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The Foundations for Successful Digital Performance Support

If you are considering Digital Performance Support (“DPS”) as part of the on-boarding and user experience for your application or application project, it’s important to know, as with any new capability, there’s a right way to do it and there’s definitely a wrong way.

shot of colleagues connecting to a user interface 2023 11 27 04 55 36 utc 11zon scaled

If you are considering Digital Performance Support (“DPS”) as part of the digital on-boarding and user experience for your application or application project, it’s important to know, as with any new capability, there’s a right way to do it and there’s definitely a wrong way.

At Epilogue, we’ve been involved in hundreds of DPS efforts with our customers and partners as they’ve incorporated DPS into their projects, applications and enterprises. As a result, I’d like to share our view of the most important fundamental elements needed to build a foundation for successful Digital Performance Support which, in turn, will help lead to successful on-boarding and sustained use of your application(s).

If you need a general refresher on DPS, in an earlier blog post I described two general approaches to DPS and in this blog post by a frequent blogger on the topic, Gary Wise, where he does a nice job of describing DPS, which he calls Embedded Performance Support.

Back to building the foundation. It starts with making sure your tools and methods are suitable for building the supporting foundation from which effective DPS will rise. Foundations are comprised of layers, each laid in the right sequence and in the right way. For Digital Performance Support, there are three primary layers to a strong DPS foundation:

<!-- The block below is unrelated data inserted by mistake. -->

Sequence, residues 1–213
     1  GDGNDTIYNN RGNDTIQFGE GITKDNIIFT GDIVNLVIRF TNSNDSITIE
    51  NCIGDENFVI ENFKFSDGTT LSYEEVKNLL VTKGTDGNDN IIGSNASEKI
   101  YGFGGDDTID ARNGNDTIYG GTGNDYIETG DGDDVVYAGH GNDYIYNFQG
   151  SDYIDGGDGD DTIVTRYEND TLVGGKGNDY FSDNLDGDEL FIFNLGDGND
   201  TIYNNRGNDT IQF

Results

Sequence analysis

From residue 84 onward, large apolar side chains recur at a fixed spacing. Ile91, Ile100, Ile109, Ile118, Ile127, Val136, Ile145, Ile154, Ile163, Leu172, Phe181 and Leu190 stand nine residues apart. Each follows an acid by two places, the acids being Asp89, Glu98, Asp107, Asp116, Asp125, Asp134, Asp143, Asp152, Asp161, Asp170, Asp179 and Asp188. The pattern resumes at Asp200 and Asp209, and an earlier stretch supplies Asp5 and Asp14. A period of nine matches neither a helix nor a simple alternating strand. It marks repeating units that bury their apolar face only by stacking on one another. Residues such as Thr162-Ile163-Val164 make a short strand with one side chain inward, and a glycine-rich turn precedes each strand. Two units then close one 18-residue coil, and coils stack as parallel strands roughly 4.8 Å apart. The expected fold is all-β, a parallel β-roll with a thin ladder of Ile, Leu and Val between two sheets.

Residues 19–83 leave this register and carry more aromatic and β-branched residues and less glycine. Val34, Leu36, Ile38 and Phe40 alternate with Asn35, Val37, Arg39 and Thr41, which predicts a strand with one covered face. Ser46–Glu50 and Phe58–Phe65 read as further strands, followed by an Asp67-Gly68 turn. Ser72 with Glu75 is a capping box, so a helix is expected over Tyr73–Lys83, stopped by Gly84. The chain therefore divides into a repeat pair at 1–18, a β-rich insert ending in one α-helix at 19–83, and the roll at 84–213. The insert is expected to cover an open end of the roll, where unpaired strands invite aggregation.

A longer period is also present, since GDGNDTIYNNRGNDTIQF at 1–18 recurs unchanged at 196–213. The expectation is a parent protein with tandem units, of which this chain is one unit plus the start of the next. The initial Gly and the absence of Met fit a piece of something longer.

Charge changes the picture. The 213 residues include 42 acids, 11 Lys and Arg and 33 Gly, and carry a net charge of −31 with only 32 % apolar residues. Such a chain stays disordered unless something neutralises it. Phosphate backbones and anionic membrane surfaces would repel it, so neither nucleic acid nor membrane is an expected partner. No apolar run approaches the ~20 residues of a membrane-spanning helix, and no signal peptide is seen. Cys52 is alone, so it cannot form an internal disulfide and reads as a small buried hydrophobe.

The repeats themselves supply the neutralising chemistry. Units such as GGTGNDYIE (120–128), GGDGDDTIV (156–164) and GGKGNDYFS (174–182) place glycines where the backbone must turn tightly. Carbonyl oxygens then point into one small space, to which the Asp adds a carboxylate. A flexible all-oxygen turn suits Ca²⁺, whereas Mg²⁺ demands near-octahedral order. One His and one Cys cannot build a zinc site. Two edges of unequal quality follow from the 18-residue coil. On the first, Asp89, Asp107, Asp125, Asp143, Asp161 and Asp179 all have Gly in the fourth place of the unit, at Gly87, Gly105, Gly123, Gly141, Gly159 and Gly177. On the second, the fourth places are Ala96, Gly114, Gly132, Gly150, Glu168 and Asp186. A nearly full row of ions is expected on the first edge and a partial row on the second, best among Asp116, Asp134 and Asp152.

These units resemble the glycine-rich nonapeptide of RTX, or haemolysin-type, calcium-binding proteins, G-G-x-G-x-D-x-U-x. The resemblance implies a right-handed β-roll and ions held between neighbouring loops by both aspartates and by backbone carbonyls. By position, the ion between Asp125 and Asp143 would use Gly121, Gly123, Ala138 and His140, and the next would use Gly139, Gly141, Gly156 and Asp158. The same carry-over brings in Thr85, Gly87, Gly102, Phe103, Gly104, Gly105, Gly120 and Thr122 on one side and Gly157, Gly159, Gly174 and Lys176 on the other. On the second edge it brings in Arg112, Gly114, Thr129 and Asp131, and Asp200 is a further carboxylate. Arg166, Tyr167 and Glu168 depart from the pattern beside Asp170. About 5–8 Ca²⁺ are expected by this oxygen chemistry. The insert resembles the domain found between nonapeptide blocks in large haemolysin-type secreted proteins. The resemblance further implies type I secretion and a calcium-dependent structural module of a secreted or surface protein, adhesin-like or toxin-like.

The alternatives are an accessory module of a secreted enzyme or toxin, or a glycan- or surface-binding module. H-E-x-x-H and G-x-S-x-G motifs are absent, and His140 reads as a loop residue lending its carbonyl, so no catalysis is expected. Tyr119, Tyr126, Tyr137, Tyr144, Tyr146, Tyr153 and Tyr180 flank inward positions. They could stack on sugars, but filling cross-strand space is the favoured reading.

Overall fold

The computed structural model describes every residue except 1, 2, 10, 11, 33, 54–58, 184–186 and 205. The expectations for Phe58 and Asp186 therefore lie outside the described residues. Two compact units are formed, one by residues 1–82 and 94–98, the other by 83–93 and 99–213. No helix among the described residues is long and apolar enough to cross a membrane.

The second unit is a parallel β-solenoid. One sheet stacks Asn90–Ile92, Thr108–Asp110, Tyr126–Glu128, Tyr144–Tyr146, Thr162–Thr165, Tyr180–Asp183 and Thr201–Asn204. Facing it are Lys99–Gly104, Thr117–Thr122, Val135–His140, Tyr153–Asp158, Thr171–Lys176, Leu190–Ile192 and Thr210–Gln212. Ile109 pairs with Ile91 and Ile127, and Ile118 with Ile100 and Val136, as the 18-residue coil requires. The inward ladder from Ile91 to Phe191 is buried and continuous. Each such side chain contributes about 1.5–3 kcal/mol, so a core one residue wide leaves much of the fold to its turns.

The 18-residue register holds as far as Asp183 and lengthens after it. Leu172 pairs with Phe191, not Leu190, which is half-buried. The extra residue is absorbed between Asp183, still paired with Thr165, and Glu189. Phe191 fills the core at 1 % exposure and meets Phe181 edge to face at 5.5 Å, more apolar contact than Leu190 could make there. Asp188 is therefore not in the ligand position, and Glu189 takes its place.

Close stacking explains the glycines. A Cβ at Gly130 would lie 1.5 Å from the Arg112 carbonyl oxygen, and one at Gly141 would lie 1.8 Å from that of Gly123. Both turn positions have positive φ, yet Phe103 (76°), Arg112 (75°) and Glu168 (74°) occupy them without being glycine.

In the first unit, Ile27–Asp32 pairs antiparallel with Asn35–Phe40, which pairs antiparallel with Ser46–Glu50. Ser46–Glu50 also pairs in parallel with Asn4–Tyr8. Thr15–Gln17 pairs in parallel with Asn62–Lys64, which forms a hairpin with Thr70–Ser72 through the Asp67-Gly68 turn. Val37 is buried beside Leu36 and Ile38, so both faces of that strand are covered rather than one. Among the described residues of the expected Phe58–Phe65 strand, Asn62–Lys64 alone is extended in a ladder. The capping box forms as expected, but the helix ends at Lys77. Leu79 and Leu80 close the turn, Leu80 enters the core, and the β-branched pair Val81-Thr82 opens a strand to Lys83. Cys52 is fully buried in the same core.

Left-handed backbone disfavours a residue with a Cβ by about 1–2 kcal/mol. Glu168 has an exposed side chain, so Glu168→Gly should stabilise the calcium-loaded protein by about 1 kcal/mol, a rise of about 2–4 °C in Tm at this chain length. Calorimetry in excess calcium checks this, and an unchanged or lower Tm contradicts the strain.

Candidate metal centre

At the 10,000 feet level, Digital Performance Support is about getting the right embedded application support to the user at their moment of need so they can perform their job and contribute to the desired business outcome for which your application is intended.

To do this, you’ve got to have the right kind of content that helps the user know how to perform a process, transaction or workflow = CREATE.

That content needs to get in the hands of the user when they need it most, as they are performing the process, transaction or workflow = DELIVER.

Then, there’s got to be a way to stay on top of the content and the people involved in creating and maintaining it = MANAGE.


CREATE is where DPS efforts die 90% of the time. Why? Because very few organizations, project teams, L&D and Education Services groups have the staff, budget and time to adequately document applications. Without the right tool, it’s way too hard and takes too long. As a result, user documentation is usually thin in breadth, depth and accuracy in representing the actual screens and workflows in front of the user. Further, generating content in the variety of formats that work for users is rarely done for the same reasons.

The bottom line, if you can’t document your application and generate user content in the depth, breadth, accuracy and formats needed, the other foundation elements, DELIVER and MANAGE, won’t matter. Why? Because users are unforgiving of anything that is not clearly helpful and DPS will fail due to lack of adoption and sustained utilization. Also, things change over time, particularly with cloud applications. Content that cannot be easily maintained for accuracy will cause users to lose faith in DPS.

Therefore, the starting point for a successful DPS initiative requires the ability to document applications quickly, easily and broadly.

· What I mean by document is capturing how the application works from a user’s point of view — the processes, workflows and transactions required of users. Then, generating the types of content formats that meet the varying needs of users — job aids, process and procedures, simulations (watch & listen, interactive and testing), process flows, step-through navigation (takes the user step by step through a process or transaction allowing data entry as they go) and so on. BTW — having the ability to leverage these artifacts into eLearning and other training needs further extends the value of this documentation effort.

  • What I mean by quickly is minutes, not hours or days as occurs with the wrong tools.